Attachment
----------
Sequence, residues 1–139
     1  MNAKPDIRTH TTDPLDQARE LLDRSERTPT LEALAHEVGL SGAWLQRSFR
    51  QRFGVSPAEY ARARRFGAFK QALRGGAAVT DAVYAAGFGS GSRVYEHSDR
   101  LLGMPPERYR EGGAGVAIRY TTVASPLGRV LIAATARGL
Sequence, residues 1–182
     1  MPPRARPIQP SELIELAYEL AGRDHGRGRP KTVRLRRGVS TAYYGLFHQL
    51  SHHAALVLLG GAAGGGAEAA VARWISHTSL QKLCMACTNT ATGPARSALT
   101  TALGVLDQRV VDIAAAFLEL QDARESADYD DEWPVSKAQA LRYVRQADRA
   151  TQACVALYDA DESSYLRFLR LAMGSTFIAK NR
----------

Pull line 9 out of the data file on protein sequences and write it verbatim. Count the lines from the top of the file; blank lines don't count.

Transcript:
   151  TQACVALYDA DESSYLRFLR LAMGSTFIAK NR